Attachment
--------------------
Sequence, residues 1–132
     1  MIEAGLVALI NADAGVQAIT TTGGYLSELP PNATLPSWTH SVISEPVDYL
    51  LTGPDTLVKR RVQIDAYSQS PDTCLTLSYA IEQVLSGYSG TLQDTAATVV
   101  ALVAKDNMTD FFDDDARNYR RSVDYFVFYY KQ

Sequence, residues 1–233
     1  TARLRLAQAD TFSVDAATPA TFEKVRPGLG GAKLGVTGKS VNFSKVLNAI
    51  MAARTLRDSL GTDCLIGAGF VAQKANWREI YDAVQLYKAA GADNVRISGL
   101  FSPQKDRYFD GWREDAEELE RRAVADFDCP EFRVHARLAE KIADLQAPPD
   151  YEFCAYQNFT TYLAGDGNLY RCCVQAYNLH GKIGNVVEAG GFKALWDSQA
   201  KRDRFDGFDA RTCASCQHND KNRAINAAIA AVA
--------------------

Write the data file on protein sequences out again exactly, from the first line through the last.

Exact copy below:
Sequence, residues 1–132
     1  MIEAGLVALI NADAGVQAIT TTGGYLSELP PNATLPSWTH SVISEPVDYL
    51  LTGPDTLVKR RVQIDAYSQS PDTCLTLSYA IEQVLSGYSG TLQDTAATVV
   101  ALVAKDNMTD FFDDDARNYR RSVDYFVFYY KQ

Sequence, residues 1–233
     1  TARLRLAQAD TFSVDAATPA TFEKVRPGLG GAKLGVTGKS VNFSKVLNAI
    51  MAARTLRDSL GTDCLIGAGF VAQKANWREI YDAVQLYKAA GADNVRISGL
   101  FSPQKDRYFD GWREDAEELE RRAVADFDCP EFRVHARLAE KIADLQAPPD
   151  YEFCAYQNFT TYLAGDGNLY RCCVQAYNLH GKIGNVVEAG GFKALWDSQA
   201  KRDRFDGFDA RTCASCQHND KNRAINAAIA AVA